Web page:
• Honeybees (partly marked) on the edge of a brood frame
Chair of Behavioral Physiology & Sociobiology

Alin Jacob, Gifty

Gifty Alin Jacob

PhD student
Zoology II / Scheiner lab
Universität Würzburg
Am Hubland
97074 Würzburg
Building: Biozentrum (B1)
Room: D109a
Portrait of Gifty Alin Jacob

It is intriguing to understand how closely related species allocate resources to avoid inter-specific competition and coexist in a common habitat. Social insects like bees offer to be excellent model systems to examine fundamental ecological questions such as group-living, coexistence, resource partitioning and sociality. There could possibly be a high degree of resource partitioning existing amongst different honeybee species due to their similar social structure, resource demands, foraging strategies and dance communication. Their neuroecology in the foraging context would also be specifically interesting to look at. Although there has been extensive research done in these aspects in the western honey bee, Apis mellifera, such studies on the Asian honeybee species are still in their infancy.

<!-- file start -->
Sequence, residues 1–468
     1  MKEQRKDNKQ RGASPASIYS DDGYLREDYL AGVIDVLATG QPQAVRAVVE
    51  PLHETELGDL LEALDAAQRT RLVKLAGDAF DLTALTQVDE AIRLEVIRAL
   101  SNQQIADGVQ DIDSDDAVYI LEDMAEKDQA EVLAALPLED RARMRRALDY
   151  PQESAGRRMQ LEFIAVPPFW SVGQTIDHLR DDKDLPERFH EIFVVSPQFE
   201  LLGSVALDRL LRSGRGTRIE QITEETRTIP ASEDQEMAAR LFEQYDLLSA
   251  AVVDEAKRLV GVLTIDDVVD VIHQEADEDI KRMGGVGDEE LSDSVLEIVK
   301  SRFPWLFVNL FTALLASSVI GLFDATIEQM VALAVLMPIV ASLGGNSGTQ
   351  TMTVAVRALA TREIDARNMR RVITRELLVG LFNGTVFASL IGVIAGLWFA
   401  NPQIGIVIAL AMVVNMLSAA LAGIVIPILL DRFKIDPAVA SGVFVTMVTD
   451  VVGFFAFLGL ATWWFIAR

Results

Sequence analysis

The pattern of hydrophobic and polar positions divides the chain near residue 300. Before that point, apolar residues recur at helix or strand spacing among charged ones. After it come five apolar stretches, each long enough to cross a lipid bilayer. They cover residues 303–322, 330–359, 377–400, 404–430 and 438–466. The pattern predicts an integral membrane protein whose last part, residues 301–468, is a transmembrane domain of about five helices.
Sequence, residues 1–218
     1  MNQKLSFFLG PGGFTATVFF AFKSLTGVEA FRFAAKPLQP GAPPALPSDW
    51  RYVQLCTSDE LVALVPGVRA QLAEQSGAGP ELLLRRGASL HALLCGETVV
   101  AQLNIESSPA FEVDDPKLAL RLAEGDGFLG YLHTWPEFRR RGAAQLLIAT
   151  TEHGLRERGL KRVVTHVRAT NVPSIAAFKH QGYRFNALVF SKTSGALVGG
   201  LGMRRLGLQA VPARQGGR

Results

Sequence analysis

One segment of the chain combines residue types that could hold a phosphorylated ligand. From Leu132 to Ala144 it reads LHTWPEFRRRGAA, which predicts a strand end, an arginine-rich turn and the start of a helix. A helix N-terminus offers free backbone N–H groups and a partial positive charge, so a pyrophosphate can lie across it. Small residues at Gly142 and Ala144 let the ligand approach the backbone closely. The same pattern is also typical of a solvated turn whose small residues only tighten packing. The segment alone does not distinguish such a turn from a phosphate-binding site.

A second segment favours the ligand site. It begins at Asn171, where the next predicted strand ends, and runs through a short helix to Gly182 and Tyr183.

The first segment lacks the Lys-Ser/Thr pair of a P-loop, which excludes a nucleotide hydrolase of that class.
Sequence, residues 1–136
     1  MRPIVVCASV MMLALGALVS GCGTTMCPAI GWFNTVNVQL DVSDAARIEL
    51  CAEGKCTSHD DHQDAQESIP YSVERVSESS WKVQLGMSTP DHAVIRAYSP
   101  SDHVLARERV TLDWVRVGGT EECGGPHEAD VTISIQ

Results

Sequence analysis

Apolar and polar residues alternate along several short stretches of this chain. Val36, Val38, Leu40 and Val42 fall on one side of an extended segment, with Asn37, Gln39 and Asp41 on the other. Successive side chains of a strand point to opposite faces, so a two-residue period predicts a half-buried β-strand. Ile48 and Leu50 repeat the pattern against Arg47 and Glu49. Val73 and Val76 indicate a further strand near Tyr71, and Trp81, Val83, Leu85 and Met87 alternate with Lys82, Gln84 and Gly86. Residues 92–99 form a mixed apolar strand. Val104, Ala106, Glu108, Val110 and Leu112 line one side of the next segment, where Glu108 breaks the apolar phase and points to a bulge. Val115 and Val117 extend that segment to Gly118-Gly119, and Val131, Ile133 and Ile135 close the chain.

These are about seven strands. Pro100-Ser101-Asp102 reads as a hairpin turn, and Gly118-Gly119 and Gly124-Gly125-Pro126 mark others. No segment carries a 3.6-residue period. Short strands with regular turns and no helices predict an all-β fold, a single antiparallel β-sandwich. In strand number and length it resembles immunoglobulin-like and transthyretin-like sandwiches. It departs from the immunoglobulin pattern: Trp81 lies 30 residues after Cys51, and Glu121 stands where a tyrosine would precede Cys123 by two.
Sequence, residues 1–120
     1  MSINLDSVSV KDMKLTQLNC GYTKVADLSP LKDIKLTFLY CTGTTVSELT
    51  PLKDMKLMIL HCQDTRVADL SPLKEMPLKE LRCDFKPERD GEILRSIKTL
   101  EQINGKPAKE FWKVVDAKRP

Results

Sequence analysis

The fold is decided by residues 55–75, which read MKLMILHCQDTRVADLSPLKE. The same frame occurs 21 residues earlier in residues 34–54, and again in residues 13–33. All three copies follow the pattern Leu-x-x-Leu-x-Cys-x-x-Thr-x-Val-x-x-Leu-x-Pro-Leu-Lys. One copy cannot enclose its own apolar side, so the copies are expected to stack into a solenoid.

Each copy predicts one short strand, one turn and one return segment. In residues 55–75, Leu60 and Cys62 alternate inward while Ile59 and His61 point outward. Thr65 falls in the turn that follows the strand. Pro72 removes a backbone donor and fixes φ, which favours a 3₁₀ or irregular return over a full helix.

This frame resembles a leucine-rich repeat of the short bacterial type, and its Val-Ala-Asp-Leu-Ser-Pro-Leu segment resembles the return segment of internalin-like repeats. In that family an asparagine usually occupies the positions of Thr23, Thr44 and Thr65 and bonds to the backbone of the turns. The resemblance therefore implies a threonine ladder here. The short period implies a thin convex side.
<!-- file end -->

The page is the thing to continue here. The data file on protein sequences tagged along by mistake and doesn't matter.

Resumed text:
Our project aims in comprehending the effects of landscape on the resource partitioning and foraging neuroecology of the three Asian honeybee species A. cerana, A. dorsata and A. florea and the western honeybee A. mellifera. I am particularly interested in deciphering the molecular mechanisms underlying their foraging division of labour in forest, agricultural and urban landscapes. Through this work, we intend to unravel the roles of octopamine and tyramine signalling in regulating sucrose responsiveness and division of foraging labour in the four honeybee species. In addition, quantifying octopamine and tyramine receptor gene expression and octopamine and tyramine brain titres of honey bees in different landscapes would elucidate how the diversity of floral resources and the landscape quality influence their foraging decisions. It would also be relevant to investigate this effect of landscape on neuronal signalling as it could imply the plausible impacts of urbanisation on the honeybee species which serve remarkable and irreplaceable pollination services.